Snapchat, Uber face social media backlash over comments on India

Snapchat, Uber face social media backlash over comments on India

By Binu Paul

  • 17 Apr 2017
Snapchat, Uber face social media backlash over comments on India
Credit: Pexels

Snap Inc., owner of the popular messaging app Snapchat, and cab-hailing company Uber Technologies Inc. came under fire from Indians on social media after their top officials allegedly made uncomplimentary statements.

According to a report by US publication Variety, former Snapchat employee Anthony Pompliano filed a lawsuit where CEO Evan Spiegel allegedly said he didn’t wish to expand to “poor countries like India and Spain”.

Separately, Christian Freese, general manager at Uber’s Bangalore office, irked the Twitterati when he told The New York Times that “folks (Indians) were rather locked up at home” before the company launched its operations and that people were now going out, especially on the weekend.


The disparaging comments by two global Internet companies united an otherwise divisive Twitter population in India as they came charging at the tech giants with #boycottsnapchat and #uninstallsnapchat hashtags.


This is Snapchats loss. Google and Facebook made India a priority because they understood the market potential and had more diverse teams

— Vivek Wadhwa (@wadhwa) April 15, 2017


Nothing-their call.But dissing it ,this being the reason,condescending , generalising about country / people - poor taste for Ceo/ founder


— K.Ganesh (@ganeshk03) April 16, 2017

The campaign against the company, which recently raised about $3.4 billion through an initial public offering, brought the Snapchat application ratings down to one star on the Apple App Store.


Just in 1 day the rating dropped to!1 star! Now feeling bad for the poor Indians & Spaniards who work at #snapchat

— Amrita Ganguly (@GangulyAmrita) April 16, 2017

While it’s no surprise the mob mentality can drag any company to social media perils, especially when it comes to matters of national pride, the fact that the controversy was triggered by allegations made by a former employee whose stint at Snapchat lasted just three weeks needs to be considered.

According to a Hindustan Times report, Snapchat rubbished Pompliano’s claims and said, “This is ridiculous. Obviously Snapchat is for everyone! It’s available worldwide to download for free.”

Another report by the same publication said a group of Indian hackers had released data of nearly 1.7 million Snapchat users to protest Spiegel’s comments.

Meanwhile, the Press Trust of India reported that many people uninstalled the mobile application of Indian e-commerce platform Snapdeal instead of 'Snapchat' to mark their protest. Interestingly, Snapdeal was a victim of social media trolling when its former brand ambassador Aamir Khan made a comment about his wife’s concerns over growing intolerance in India.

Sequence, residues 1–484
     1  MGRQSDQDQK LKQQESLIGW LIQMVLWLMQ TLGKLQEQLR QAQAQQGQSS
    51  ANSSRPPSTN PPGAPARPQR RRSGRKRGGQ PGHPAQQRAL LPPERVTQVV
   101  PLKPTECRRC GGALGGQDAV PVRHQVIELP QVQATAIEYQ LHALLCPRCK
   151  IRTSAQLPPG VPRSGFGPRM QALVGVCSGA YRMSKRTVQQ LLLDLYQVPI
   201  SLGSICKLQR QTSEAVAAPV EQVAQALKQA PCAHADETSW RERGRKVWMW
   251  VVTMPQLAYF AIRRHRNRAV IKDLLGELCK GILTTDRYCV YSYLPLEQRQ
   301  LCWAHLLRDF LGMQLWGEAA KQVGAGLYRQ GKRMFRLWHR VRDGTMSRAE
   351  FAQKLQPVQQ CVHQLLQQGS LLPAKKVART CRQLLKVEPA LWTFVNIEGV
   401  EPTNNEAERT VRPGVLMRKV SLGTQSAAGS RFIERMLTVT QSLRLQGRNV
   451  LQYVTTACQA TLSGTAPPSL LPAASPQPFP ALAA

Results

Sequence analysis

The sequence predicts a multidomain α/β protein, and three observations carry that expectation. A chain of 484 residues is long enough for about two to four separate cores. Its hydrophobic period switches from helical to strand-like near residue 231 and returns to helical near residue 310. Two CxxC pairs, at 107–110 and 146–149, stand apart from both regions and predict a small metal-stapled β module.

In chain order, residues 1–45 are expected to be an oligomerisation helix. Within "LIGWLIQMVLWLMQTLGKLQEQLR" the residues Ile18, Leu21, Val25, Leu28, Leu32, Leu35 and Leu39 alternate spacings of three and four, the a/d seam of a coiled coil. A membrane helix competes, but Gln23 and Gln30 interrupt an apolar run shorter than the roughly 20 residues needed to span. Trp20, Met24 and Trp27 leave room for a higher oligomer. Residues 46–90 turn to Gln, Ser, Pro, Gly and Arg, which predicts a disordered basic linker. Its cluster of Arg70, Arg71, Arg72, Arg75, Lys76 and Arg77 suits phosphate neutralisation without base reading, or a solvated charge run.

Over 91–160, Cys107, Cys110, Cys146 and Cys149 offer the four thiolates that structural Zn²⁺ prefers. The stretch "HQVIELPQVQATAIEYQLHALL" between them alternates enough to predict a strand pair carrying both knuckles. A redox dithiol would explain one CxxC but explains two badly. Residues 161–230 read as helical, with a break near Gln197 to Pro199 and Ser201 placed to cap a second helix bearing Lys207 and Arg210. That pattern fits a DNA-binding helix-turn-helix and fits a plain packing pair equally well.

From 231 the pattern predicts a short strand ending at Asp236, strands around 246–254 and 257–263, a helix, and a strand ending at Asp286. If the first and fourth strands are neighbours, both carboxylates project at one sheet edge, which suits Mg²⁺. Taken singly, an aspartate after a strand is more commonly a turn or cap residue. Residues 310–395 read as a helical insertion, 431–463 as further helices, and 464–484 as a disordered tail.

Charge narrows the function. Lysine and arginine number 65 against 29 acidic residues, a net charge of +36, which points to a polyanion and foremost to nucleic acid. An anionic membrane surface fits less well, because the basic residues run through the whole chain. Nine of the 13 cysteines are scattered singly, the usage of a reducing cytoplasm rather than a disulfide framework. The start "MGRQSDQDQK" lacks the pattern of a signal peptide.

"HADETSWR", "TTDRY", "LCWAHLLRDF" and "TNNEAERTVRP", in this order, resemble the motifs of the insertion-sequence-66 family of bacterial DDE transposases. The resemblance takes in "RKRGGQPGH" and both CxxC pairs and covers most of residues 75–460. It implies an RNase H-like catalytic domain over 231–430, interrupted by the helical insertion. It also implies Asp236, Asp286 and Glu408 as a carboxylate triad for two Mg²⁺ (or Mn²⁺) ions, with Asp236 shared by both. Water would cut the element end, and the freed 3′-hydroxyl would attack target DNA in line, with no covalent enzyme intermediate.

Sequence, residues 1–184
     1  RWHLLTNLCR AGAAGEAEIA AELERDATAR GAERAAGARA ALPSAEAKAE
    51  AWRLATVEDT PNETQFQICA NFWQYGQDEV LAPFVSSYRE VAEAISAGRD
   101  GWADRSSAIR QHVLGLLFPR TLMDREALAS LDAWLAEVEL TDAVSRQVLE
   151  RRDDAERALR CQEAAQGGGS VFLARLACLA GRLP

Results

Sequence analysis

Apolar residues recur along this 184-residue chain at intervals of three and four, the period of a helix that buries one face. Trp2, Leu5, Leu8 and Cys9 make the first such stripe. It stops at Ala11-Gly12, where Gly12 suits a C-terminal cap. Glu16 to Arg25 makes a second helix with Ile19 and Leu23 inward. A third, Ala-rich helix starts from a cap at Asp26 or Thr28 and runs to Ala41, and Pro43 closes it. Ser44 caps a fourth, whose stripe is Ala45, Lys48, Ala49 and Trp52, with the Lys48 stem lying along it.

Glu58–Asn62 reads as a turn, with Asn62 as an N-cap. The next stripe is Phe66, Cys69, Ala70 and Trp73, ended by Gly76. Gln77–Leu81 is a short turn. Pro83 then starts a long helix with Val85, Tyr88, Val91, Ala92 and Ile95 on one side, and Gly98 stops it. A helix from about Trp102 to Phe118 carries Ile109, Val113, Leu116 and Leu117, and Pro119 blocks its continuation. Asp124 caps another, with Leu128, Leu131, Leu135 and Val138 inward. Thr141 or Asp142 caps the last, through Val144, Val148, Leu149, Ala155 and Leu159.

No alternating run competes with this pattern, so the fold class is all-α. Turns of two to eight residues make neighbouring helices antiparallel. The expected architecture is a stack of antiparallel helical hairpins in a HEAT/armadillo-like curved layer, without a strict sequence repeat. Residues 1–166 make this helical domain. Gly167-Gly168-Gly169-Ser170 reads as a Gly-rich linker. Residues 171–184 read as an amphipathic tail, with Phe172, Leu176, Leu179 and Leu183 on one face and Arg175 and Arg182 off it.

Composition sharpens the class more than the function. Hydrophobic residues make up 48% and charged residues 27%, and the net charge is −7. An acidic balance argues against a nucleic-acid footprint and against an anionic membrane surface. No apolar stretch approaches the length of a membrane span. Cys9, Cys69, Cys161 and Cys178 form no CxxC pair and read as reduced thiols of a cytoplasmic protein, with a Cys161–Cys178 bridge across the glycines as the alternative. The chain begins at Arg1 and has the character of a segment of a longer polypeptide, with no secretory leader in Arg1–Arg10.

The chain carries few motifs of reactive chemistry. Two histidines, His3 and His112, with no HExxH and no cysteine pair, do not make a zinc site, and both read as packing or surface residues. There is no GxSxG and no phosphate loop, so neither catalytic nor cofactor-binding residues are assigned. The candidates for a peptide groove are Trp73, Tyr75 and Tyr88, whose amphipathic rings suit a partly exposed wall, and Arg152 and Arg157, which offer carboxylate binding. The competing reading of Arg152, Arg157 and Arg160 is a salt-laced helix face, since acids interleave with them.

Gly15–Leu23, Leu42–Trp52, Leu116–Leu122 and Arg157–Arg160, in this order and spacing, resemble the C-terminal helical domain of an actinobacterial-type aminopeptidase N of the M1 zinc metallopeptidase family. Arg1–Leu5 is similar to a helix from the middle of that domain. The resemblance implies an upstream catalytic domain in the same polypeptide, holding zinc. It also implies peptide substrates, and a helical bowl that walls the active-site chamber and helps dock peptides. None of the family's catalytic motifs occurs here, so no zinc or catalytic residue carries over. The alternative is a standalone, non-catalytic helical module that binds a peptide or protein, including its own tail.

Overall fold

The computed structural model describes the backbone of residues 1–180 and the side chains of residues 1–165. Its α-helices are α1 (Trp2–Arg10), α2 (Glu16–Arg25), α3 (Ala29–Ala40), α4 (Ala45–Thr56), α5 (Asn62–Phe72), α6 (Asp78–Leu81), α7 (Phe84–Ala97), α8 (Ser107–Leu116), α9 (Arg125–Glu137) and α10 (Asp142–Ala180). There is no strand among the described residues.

@thetanmay Thanks bud. Ppl asking us to make a statement that @snapdeal is not @snapchat was possibly the last thing I thought I would ever need to do.

— Kunal Bahl (@1kunalbahl) April 16, 2017

After spending Rs.200 crores on branding @snapdeal must be wondering today why people can't make out it's not @Snapchat

— Mahesh Murthy (@maheshmurthy) April 16, 2017

On the other hand, the statement from Uber India’s executive has definitely dented its social media popularity as several Indians slammed the taxi aggregator for the insensitive statement.

Yes @nytimes - before Uber, Indians just sat fretting by the windows, seeing a great big world they couldn't access.

— gopalsathe (@gopalsathe) April 15, 2017

Well, to be honest, before Uber we just rode our elephants every day. For weekends, we had our decorated elephants. (via @IMSahilBhalla)

— Sarita Ramamoorthy (@ViolentVeggy) April 15, 2017

Uber has been fighting a hard battle with homegrown rival Ola for market superiority. It has also been rocked by a number of setbacks lately, including detailed accusations of sexual harassment from a former female employee and a video showing chief executive Travis Kalanick harshly berating an Uber driver.

Uber is looking for a chief operating officer to help Kalanick manage the company, repair its tarnished image and improve its culture. Two of Uber’s high-level executives recently said they intended to leave, and last week the company’s communications head announced her departure.

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